Scientists estimate the thickness and volume of Monte Tronador glaciers

The study was undertaken by CONICET researchers and their colleagues from Chile and Canada.

Ice distribution in Monte Tronador glaciers.

In Argentina, glaciers are vital components of the mountain hydrological system and are recognized as strategic water reserves for the arid diagonal part of the country. For this reason, knowing how much ice they contain is key to quantifying current and future water availability as well as estimating sea level rise and understanding their response to climate change.

For the first time, a group of experts have recently published a study in which they estimated the volume of ice of Monte Tronador glaciers -located in Río Negro- using a thickness distribution model to obtain results with accuracy of 35 meters.

“Monte Tronador is an extinct stratovolcano located in the Andes of Northern Patagonia along the border between Argentina and Chile. Its upper slopes are the home of one of the region’s most extensive contiguous ice cover and due to to its relative easy access, its glaciers have been analyzed for more than forty years,” says Valentina Zorzut, CONICET doctoral fellow at the ‘Instituto Argentino de Nivología, Glaciología y Ciencias Ambientales (IANIGLA, CONICET-UNCUYO-Gob. Mza), who seeks to enhance the estimates of the volume of ice in the country’s glaciers.

Since 2013, according to Law 26,639, the IANIGLA began a series of studies of the Argentine glaciers of Monte Tronador. In 2015, in collaboration with French scientists, a research team of the institute made the first map of surface velocities for all the ice bodies distributed on the hill.

During the fall of 2018, researchers of IANIGLA and the ‘Laboratorio de Glaciología del Centro de Estudios Científicos de Valdivia’ measured the thickness of glacier Manso. “Thanks to the large amount of previous measurements, we managed to analyze the distribution of ice on the hill in great detail,” Zorzut explains.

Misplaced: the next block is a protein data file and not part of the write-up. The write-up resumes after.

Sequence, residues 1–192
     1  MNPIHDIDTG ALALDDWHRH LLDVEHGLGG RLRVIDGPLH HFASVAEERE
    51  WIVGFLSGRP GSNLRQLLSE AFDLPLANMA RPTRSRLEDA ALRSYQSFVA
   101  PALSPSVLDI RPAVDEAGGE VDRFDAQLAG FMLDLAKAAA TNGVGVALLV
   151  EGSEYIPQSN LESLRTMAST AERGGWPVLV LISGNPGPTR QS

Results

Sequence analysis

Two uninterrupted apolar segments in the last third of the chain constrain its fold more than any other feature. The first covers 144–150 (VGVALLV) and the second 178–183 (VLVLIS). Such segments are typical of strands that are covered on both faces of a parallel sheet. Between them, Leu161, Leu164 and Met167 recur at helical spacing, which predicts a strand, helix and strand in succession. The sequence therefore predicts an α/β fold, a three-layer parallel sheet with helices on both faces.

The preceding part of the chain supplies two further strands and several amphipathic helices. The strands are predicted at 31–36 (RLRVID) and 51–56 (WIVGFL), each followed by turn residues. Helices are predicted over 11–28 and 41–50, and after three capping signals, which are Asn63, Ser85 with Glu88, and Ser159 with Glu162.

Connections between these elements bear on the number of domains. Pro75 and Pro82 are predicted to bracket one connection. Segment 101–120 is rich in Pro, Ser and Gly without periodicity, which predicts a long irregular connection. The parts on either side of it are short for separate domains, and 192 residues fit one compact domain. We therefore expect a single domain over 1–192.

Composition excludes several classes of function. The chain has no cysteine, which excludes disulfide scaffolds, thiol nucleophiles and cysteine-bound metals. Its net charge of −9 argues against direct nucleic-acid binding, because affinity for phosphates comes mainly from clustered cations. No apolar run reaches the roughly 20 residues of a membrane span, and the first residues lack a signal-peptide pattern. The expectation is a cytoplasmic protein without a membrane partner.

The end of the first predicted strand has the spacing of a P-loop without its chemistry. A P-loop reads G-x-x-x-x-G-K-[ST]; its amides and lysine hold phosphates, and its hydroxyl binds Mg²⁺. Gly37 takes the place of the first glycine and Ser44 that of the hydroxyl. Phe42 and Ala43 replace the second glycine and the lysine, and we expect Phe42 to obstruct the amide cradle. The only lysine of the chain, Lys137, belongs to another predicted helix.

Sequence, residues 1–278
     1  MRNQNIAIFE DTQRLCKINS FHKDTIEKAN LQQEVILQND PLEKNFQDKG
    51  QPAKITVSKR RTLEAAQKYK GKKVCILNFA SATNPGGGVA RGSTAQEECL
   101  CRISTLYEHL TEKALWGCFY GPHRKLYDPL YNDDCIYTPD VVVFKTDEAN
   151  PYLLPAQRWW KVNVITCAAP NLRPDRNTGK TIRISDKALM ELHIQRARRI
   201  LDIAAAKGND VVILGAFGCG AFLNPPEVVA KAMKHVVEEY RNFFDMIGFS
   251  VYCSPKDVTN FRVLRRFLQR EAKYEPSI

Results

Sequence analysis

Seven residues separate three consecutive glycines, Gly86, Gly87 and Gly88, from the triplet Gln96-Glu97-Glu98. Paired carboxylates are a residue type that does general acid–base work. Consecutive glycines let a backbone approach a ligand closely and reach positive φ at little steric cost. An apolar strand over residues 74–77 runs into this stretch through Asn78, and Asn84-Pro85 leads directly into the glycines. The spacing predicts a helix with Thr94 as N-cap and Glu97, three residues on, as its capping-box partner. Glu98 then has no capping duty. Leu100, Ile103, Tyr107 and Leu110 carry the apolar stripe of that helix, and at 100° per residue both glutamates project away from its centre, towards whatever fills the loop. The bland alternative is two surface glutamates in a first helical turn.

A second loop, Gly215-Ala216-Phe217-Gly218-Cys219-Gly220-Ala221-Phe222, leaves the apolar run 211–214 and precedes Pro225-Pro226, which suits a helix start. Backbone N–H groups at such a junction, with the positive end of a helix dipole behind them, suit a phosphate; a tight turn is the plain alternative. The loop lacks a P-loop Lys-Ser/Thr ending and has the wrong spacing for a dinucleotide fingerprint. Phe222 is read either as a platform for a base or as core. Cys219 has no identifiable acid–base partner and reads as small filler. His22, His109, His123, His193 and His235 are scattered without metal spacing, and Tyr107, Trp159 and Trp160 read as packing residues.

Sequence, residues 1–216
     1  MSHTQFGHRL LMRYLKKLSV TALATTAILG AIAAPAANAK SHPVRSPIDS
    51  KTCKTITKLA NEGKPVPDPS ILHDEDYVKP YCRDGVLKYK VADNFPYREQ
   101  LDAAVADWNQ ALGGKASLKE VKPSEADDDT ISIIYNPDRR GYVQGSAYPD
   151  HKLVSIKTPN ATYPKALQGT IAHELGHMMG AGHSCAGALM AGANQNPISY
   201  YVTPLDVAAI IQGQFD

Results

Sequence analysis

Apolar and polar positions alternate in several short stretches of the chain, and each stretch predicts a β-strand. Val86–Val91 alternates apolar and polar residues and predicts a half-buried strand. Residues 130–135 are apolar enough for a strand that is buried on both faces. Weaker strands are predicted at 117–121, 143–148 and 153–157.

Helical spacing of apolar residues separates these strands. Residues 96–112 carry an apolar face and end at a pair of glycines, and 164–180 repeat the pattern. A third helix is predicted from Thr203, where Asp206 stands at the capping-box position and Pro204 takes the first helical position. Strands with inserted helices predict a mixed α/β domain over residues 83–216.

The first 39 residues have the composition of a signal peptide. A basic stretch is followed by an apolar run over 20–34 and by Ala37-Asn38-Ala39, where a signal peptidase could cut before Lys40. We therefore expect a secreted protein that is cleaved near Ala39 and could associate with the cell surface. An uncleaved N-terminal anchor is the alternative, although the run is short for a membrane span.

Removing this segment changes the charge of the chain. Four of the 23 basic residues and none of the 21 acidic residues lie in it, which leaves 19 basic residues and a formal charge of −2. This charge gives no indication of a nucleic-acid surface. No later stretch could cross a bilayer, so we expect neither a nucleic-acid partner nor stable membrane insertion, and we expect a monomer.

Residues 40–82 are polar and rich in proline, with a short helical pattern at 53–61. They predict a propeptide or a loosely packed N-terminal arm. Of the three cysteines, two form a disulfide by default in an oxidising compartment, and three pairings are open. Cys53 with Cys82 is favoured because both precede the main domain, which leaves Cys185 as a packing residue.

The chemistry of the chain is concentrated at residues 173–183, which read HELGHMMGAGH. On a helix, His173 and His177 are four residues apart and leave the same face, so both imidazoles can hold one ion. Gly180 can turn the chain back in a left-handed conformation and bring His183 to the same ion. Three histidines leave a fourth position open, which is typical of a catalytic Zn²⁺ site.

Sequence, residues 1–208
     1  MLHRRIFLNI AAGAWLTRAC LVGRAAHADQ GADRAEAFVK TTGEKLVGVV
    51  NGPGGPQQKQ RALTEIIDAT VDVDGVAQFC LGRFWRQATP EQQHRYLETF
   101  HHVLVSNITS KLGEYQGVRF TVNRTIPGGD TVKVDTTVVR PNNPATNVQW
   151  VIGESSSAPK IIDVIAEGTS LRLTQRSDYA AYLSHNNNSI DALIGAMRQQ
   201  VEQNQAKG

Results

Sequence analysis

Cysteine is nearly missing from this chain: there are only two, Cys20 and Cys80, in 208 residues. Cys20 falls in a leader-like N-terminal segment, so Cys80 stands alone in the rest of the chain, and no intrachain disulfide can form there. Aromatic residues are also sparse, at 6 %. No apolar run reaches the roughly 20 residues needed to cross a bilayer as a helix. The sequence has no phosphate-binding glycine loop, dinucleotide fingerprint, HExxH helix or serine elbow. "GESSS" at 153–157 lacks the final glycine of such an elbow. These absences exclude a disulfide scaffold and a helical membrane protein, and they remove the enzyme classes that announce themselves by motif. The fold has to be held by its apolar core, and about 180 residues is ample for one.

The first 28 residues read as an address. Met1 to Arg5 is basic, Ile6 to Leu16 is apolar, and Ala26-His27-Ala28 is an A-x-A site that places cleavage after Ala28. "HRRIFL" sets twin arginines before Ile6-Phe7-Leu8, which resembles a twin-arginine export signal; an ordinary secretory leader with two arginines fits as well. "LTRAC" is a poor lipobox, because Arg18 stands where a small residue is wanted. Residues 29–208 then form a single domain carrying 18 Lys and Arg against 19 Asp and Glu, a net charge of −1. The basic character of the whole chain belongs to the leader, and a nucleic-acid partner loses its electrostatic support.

So far, the only estimates for the glaciers in the Andes of Argentina and Chile had been made with numerical models made of global-scale glacier inventories and with very few measurements to calibrate and validate the results.

“The thickness of ice in a specific place of a glacier is related to the speed at which it flows and the surface slope. By inverting the equations used to calculate the surface velocity of glaciers, it is possible to estimate the thickness of the ice. Thanks to the surface velocity maps of Monte Tronador glaciers, and the large number of existing ice thickness measurements for these glaciers, we managed to make a model of the ice thickness distribution with accuracy of 35 meters.

The results indicate that the glaciers of Monte Tronador have an average thickness of 75 meters, but in some cases they exceed 240 meters. Together they have an ice volume of 4.8 km3.

“The total volume estimated for the glaciers of Monte Tronador agrees with those obtained by studies on a global scale and without calibration data for these bodies. But the ice distribution, that is where the glaciers are thickest and where they are thinnest, varies. The use of surface velocity maps and a detailed inventory of the glaciers of Monte Tronador allowed us to have a more real ice distribution than studies based on global scale glacier inventories. Enhancing our knowledge on ice distribution in our glaciers is key to understanding their response to future climate changes,” concludes.



Zorzut, V.; Ruíz, L.; Rivera, A.; Pitte, P.; Villalba, R.; Medrzycka, D. (2020) “Slope estimation influences on ice thickness inversion models: a case study for Monte Tronador glaciers, North Patagonian Andes”. Journal of Glaciology.


About the study: 

Valentina Zorzut. CONICET doctoral fellow (IANIGLA)

Lucas Ruiz. CONICET associate researcher (IANIGLA)

Andres Rivera. Universidad Austral de Chile

Pierre Pitte. CONICET assistant researcher (IANIGLA)

Ricardo Villalba. CONICET senior researcher (IANIGLA)

Dorota Medrzycka. Doctoral fellow (University of Ottawa)


By Leonardo Fernández – CCT Mendoza